When it came to Covid-19 related financings, liquidity was paramount and none were as important as Norwegian Cruise Line’s private placement, convertible bond, equity sale and high-yield bond that together raised US$2.4bn in May.
A US$400m PIPE in the form of six-year CB sold to private equity firm L Catterton was supplemented by US$460m from a public stock sale, US$862.5m from a public CB and US$675m of secured high-yield debt, with all of the public deals upsized on strong investor demand and exercise of the greenshoes.
Combined, the equity-linked raises are convertible into 137.6m shares, a whopping 39.1% stake in the cruise ship operator.
“The marching orders were to get [NCL] as much money as you possibly can by tapping every market,” said Simon Watson, Goldman Sachs’ co-head of Americas ECM. “The fact they were able to do a PIPE meant we were not cannibalising demand for the public market raises.”
Goldman, which was awarded a larger fee than the other six bookrunners, was able to pivot from the agreed PIPE to one day of marketing the equity, CB and HY concurrently on May 5.
That evening, Norwegian sold 41.8m shares at US$11 apiece, a 23.8% discount to pre-launch levels. That largely erased the 25% premium achieved on the 6% four-year convertible. The US$675m of four-year HY debt pays a 12.25% annual coupon and came at a 99 OID, the aggressive end of 12.25%–12.5% talk. The offerings were increased from the US$350m, US$650m and US$600m targeted at launch.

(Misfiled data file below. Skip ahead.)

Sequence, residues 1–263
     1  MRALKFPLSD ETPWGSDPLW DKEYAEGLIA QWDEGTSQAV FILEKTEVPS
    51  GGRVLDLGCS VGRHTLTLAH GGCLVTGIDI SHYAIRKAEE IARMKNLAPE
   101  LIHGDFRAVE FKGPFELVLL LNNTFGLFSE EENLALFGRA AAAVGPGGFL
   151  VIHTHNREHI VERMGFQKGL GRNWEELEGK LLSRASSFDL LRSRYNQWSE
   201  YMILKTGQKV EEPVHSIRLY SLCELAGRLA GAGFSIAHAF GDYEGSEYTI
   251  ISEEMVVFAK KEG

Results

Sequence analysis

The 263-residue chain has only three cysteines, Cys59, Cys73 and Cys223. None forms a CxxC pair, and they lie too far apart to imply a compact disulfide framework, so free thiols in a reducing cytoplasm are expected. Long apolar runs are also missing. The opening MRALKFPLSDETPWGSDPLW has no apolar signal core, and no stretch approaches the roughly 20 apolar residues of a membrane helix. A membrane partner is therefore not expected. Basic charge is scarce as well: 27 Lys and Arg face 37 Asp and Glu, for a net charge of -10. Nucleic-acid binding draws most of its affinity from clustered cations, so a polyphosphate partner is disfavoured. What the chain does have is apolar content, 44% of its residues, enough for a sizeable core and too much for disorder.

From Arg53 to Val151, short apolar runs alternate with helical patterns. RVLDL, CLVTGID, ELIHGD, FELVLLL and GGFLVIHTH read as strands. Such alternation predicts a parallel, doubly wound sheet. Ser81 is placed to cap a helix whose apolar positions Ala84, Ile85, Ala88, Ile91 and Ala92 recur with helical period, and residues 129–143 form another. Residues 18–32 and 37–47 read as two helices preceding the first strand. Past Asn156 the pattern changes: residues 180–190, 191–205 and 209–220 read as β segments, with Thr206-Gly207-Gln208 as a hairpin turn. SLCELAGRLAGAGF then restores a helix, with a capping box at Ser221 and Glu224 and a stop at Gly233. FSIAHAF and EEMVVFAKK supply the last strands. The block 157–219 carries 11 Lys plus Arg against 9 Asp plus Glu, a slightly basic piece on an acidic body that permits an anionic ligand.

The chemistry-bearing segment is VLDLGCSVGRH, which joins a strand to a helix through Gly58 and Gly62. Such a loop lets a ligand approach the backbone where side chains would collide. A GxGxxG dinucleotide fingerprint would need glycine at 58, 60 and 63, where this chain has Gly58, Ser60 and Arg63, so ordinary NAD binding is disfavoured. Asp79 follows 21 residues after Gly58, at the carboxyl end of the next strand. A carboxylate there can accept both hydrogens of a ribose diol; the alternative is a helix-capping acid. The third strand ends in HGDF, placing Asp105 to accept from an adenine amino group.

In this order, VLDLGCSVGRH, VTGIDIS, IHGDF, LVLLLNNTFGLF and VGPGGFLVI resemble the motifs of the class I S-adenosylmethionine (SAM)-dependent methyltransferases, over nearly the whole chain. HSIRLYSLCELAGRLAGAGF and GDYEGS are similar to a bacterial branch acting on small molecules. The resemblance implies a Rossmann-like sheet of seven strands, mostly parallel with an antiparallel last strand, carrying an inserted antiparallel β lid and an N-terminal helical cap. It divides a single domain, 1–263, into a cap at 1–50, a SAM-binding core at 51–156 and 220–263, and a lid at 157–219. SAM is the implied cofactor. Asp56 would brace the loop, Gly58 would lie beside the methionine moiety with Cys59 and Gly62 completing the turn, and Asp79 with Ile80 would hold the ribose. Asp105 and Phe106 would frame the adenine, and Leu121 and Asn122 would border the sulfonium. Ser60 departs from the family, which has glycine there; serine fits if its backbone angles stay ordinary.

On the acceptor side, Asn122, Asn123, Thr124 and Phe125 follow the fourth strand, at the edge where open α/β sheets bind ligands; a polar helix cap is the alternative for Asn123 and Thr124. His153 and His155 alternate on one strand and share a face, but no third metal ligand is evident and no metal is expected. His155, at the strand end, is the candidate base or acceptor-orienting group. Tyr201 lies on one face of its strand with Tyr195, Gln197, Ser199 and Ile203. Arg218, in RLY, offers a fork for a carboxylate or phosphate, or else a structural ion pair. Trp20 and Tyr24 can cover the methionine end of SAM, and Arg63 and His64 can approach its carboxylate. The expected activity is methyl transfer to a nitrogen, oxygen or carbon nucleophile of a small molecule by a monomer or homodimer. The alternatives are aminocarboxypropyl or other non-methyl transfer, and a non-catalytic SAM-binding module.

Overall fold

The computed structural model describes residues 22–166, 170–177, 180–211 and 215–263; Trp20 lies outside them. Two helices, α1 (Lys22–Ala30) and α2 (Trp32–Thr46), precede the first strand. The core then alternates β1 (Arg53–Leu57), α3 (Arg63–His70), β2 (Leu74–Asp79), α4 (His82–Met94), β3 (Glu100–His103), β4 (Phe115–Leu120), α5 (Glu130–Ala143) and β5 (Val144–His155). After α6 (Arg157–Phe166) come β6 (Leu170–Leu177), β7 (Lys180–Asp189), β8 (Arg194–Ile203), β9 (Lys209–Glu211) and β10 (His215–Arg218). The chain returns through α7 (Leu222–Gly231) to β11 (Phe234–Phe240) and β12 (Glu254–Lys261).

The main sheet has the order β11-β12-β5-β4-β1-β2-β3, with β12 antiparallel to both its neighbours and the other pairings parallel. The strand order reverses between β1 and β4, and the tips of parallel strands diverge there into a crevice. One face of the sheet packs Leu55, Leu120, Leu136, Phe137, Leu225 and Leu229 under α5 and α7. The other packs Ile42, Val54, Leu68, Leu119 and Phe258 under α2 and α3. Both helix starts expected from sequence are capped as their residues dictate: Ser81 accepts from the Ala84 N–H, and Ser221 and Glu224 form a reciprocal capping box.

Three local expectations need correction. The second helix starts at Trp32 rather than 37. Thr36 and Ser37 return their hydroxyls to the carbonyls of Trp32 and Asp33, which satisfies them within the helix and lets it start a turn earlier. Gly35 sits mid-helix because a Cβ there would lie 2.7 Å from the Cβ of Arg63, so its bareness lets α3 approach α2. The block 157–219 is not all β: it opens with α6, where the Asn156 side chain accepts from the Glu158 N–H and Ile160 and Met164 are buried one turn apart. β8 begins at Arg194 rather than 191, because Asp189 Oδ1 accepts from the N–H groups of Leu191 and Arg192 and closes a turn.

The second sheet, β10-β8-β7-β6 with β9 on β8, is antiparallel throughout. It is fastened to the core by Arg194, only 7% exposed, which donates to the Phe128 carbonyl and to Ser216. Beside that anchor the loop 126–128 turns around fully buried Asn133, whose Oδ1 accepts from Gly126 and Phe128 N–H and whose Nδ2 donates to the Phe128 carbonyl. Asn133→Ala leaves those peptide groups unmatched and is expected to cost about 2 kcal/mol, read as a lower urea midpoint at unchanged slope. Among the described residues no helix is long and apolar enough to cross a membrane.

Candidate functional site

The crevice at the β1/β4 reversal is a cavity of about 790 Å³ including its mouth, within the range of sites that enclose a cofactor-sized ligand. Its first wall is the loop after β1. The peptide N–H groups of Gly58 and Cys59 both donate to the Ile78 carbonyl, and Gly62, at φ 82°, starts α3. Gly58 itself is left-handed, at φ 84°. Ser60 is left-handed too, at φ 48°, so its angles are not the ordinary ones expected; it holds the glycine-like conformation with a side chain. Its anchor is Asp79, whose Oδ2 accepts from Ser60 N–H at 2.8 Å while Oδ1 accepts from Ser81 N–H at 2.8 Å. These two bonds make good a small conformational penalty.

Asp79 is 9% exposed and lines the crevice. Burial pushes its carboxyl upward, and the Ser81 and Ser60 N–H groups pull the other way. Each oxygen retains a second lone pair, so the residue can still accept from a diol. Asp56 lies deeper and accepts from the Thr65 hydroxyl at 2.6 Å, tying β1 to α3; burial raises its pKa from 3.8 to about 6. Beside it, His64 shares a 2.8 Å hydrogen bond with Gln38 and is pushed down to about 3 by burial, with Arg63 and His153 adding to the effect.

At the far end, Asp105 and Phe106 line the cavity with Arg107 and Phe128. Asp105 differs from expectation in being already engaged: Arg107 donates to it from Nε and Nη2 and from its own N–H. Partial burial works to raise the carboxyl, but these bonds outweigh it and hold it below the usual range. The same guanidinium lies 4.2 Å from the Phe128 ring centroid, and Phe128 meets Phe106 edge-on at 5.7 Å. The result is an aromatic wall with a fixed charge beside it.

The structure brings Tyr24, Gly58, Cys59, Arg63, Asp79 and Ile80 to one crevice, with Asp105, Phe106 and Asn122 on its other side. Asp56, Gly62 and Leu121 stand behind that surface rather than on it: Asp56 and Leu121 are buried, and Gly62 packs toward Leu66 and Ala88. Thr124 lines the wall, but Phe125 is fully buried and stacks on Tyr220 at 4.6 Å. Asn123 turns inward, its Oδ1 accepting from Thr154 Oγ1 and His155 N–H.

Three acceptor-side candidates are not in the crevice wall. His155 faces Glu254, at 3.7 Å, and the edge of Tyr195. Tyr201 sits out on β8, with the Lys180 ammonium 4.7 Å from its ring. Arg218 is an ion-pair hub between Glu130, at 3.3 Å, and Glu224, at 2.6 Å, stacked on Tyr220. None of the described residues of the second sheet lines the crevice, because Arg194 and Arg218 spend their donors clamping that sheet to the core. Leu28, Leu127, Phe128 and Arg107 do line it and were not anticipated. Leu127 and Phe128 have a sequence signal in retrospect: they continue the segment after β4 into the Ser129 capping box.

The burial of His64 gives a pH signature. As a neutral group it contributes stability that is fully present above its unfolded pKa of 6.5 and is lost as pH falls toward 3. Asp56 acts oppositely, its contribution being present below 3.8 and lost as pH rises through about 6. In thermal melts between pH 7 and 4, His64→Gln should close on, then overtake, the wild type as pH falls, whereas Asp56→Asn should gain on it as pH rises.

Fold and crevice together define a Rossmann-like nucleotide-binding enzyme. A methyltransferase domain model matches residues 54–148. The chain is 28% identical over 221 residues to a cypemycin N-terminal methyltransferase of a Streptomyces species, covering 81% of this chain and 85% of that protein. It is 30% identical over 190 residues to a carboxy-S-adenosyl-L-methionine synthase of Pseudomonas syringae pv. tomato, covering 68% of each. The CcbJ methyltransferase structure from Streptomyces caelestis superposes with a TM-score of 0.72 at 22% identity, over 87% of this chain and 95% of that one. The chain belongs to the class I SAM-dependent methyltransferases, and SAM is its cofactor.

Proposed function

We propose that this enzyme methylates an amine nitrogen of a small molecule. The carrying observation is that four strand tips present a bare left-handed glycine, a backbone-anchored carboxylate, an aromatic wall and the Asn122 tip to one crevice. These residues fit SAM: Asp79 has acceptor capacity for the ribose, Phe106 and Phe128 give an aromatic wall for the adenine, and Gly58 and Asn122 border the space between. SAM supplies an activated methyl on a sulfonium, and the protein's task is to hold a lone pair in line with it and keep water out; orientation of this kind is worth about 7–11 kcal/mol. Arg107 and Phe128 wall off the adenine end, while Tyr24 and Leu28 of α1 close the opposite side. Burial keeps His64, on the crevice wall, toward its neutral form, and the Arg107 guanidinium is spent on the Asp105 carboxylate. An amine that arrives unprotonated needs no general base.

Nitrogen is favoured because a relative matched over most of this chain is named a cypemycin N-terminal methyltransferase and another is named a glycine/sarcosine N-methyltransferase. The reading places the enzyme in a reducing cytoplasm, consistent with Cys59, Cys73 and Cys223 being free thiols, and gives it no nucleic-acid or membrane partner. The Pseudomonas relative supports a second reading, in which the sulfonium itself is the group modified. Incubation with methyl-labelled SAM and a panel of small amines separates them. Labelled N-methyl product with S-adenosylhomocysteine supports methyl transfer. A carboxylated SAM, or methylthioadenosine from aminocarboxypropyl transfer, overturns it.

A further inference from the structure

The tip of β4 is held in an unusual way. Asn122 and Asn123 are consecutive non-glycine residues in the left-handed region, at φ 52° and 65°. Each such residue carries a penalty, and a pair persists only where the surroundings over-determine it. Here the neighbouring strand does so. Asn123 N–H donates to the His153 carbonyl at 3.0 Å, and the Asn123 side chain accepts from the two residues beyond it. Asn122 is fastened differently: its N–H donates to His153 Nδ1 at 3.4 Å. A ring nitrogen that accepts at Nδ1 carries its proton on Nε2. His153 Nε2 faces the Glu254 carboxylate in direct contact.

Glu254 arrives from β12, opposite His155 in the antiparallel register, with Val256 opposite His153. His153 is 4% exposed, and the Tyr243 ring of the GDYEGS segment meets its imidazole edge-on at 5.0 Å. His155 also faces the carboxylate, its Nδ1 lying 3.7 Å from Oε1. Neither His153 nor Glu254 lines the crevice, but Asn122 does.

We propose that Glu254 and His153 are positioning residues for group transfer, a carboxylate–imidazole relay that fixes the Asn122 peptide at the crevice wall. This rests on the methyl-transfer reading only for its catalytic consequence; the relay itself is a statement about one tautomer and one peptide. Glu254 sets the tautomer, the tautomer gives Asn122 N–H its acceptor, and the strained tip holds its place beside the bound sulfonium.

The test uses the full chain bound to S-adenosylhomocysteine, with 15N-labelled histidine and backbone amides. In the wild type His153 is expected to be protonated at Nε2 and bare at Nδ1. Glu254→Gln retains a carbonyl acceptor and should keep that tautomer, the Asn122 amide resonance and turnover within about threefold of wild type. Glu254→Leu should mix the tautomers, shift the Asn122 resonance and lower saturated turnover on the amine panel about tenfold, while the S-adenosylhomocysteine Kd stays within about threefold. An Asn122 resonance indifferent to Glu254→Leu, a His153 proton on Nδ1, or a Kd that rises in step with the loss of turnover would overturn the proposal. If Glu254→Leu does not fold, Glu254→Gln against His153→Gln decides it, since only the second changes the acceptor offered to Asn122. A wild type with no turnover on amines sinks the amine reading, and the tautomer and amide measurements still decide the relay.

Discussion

Norwegian shares closed the following day at US$11.72 and the year at US$25.43. The 6% CB ended the year bid at twice par value.
It was awfully expensive funding, but Norwegian had no choice but to accept the stock dilution.
“If it's about survival, there is going to be a certain amount of pain,” said a banker involved at the time. Later that week NCL was also able to renegotiate terms on some of its senior bank loans.
Norwegian was non-operational at the time with its over 59,000 berths unable to be filled through the rest of the year. Moody’s and S&P had already downgraded its credit ratings to Ba2 and BB–, respectively.
Norwegian had fully drawn down US$1.55bn on its revolving credit facilities, leaving it with just US$1.4bn of cash as of March 31 against a US$110m–$150m monthly cash burn. Its US$2.4bn raise in May would extend the liquidity sightline for at least a year and was followed by further equity raises, at higher prices, in July and November.
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